0x00, 0xCD, 0x18, 0xA0, 0xB7, 0x07, 0xEB, 0x08, 0xA0, 0xB6, 0x07, 0xEB, 0x03, 0xA0, 0xB5, 0x07, 
	0x32, 0xE4, 0x05, 0x00, 0x07, 0x8B, 0xF0, 0xAC, 0x3C, 0x00, 0x74, 0xFC, 0xBB, 0x07, 0x00, 0xB4, 
	0x0E, 0xCD, 0x10, 0xEB, 0xF2, 0x2B, 0xC9, 0xE4, 0x64, 0xEB, 0x00, 0x24, 0x02, 0xE0, 0xF8, 0x24, 
	0x02, 0xC3, 0x49, 0x6E, 0x76, 0x61, 0x6C, 0x69, 0x64, 0x20, 0x70, 0x61, 0x72, 0x74, 0x69, 0x74, 
	0x69, 0x6F, 0x6E, 0x20, 0x74, 0x61, 0x62, 0x6C, 0x65, 0x00, 0x45, 0x72, 0x72, 0x6F, 0x72, 0x20, 
	0x6C, 0x6F, 0x61, 0x64, 0x69, 0x6E, 0x67, 0x20, 0x6F, 0x70, 0x65, 0x72, 0x61, 0x74, 0x69, 0x6E, 
	0x67, 0x20, 0x73, 0x79, 0x73, 0x74, 0x65, 0x6D, 0x00, 0x4D, 0x69, 0x73, 0x73, 0x69, 0x6E, 0x67, 
	0x20, 0x6F, 0x70, 0x65, 0x72, 0x61, 0x74, 0x69, 0x6E, 0x67, 0x20, 0x73, 0x79, 0x73, 0x74, 0x65, 
	0x6D, 0x00, 0x00, 0x00, 0x00, 0x62, 0x7A, 0x99, 0xE3, 0x75, 0x69, 0x0D, 0x00, 0x00, 0x00, 0x20, 
	0x21, 0x00, 0x27, 0xFE, 0xFF, 0xFF, 0x00, 0x08, 0x00, 0x00, 0x00, 0x00, 0x60, 0x01, 0x80, 0xFE, 
	0xFF, 0xFF, 0x07, 0xFE, 0xFF, 0xFF, 0x00, 0x08, 0x60, 0x01, 0x00, 0x68, 0x01, 0x12, 0x00, 0xFE, 
	0xFF, 0xFF, 0x07, 0xFE, 0xFF, 0xFF, 0x00, 0x70, 0x61, 0x13, 0x00, 0x00, 0x70, 0x11, 0x00, 0xFE, 
	0xFF, 0xFF, 0x12, 0xFE, 0xFF, 0xFF, 0x00, 0x70, 0xD1, 0x24, 0x00, 0x70, 0x71, 0x00, 0x55, 0xAA
};

Last Edited: Tue. Mar 9, 2010 - 03:20 PM
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I didn't know that. Thanks for the tip.

Also, posting your information as code is wonderful. It sure beats comparing JPGs for sure! :-)

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I'm working on porting fatfs to the EVK1100 board (AVR32 UC3A0512) and I'm having trouble deciphering some compile errors and how to clean them up. Most of them are like this:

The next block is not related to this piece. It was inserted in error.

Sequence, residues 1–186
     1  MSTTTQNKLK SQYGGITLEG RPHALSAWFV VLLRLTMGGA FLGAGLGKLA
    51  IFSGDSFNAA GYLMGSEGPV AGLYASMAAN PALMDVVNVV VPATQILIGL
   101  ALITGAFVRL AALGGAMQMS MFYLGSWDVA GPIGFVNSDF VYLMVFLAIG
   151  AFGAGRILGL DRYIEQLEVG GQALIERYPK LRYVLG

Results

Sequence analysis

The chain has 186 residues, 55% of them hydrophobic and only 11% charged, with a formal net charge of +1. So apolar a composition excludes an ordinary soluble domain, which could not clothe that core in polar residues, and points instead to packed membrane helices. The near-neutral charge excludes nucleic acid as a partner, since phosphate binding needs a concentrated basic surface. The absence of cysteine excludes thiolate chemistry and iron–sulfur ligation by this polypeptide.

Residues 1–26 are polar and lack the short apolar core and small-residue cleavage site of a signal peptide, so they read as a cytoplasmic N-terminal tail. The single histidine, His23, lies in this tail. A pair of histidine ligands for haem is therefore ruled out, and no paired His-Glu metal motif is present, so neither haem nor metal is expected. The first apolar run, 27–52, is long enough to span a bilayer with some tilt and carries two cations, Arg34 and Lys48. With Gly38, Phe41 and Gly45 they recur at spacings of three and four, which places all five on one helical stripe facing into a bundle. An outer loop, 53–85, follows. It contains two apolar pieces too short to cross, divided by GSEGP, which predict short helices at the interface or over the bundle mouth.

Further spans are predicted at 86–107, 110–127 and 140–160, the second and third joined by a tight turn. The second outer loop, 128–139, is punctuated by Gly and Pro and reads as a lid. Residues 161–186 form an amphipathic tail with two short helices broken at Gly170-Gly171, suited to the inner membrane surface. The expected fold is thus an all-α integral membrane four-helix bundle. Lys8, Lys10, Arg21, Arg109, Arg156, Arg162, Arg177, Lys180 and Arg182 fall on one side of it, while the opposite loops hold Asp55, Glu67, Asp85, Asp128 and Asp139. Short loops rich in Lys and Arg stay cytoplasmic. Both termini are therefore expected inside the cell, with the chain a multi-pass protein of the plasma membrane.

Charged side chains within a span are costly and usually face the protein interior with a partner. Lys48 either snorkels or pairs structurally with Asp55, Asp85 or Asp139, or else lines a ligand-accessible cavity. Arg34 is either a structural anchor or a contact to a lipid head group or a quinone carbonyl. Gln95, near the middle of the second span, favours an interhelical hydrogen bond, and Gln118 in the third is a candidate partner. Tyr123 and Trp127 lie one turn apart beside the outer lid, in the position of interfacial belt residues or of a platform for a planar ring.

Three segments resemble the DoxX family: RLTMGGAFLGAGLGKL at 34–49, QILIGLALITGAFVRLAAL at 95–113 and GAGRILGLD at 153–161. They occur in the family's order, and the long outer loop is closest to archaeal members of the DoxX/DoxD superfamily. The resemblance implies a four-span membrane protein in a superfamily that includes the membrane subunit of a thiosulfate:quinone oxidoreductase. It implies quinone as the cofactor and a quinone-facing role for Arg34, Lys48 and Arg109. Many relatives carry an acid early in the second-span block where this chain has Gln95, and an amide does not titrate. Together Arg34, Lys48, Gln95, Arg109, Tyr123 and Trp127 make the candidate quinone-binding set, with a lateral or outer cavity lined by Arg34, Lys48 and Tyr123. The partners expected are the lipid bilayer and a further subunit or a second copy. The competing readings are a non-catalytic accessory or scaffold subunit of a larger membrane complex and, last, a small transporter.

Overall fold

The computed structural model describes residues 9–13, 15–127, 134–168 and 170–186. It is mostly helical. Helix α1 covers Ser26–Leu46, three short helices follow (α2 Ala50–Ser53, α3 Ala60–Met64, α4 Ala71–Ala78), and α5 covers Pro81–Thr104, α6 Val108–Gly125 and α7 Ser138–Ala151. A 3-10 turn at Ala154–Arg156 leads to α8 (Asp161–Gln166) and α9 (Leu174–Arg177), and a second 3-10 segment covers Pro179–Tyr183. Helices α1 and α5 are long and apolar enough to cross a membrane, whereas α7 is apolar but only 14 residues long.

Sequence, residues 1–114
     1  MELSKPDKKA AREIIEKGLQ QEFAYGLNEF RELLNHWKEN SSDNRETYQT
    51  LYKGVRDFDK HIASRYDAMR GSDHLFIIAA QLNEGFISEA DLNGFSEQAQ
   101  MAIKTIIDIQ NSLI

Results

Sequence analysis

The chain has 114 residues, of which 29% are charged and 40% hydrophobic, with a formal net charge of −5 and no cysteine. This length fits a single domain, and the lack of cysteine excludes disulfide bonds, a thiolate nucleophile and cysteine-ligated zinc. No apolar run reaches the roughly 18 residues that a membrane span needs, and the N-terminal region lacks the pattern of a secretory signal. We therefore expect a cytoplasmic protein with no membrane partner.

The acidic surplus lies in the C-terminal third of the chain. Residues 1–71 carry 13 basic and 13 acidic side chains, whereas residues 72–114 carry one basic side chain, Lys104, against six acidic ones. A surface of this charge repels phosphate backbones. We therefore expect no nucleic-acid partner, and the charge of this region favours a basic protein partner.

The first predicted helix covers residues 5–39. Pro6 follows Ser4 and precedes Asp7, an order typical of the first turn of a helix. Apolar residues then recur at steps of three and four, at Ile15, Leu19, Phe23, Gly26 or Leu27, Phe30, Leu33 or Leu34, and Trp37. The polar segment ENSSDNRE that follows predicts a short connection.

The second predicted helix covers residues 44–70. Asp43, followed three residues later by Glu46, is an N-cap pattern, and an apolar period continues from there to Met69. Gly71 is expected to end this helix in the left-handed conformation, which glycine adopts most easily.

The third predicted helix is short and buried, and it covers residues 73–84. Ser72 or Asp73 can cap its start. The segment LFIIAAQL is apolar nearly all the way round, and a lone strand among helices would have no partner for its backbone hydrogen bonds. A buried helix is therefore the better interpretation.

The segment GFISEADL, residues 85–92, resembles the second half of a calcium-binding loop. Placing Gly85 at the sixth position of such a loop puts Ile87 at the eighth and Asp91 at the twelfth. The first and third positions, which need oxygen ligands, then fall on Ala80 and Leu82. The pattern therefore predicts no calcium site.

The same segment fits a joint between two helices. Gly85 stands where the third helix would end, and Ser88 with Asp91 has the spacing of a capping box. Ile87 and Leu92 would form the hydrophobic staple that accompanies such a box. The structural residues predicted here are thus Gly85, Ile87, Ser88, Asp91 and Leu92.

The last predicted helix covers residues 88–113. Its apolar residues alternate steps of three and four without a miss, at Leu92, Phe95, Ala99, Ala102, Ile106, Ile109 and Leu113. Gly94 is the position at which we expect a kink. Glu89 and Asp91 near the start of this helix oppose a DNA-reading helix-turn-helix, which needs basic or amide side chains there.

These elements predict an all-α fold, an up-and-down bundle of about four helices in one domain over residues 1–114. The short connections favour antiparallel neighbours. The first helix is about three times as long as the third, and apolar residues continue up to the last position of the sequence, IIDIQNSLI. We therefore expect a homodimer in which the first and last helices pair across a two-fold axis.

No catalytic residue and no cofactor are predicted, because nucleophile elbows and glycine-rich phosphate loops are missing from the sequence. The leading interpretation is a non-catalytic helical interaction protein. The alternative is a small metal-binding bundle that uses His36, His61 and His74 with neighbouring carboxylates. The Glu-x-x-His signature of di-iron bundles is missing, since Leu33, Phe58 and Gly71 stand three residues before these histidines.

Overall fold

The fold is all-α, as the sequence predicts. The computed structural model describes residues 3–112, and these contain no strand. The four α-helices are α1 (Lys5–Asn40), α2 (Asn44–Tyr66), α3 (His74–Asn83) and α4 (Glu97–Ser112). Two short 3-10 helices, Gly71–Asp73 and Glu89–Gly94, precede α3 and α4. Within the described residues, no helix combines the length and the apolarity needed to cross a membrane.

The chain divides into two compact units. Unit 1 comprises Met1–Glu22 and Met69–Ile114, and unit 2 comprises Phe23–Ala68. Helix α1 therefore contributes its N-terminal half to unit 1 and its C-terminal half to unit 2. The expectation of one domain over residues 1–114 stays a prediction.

../../SERVICES/FATFS/diskio.c: In function 'rcvr_spi':
../../SERVICES/FATFS/diskio.c:76: error: 'SPDR' undeclared (first use in this fu
nction)
../../SERVICES/FATFS/diskio.c:76: error: (Each undeclared identifier is reported
 only once
../../SERVICES/FATFS/diskio.c:76: error: for each function it appears in.)
../../SERVICES/FATFS/diskio.c:77: warning: implicit declaration of function 'loo
p_until_bit_is_set'
../../SERVICES/FATFS/diskio.c:77: error: 'SPSR' undeclared (first use in this fu
nction)
../../SERVICES/FATFS/diskio.c:77: error: 'SPIF' undeclared (first use in this fu
nction)
../../SERVICES/FATFS/diskio.c:79: warning: control reaches end of non-void funct
ion

I'm guessing that this has something to do with implementing the proper SPI code for the EVK1100 board in the rcvr_spi() function. Is this the case? Would I just need to include spi.h and sd_mmc_spi.h in the diskio.c file and then use the appropriate SPI functions to port this code?

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You need to completely replace diskio.c as those registers named in your errors are the AVR8's names for the SPI control and data registers and control bits.

BTW this is an AVR8 forum so your post is slightly off-topic here. I cannot help thinking that other AVR32 users must already have used FatFs so you might want to search the AVR32 fora for mentions of FatFs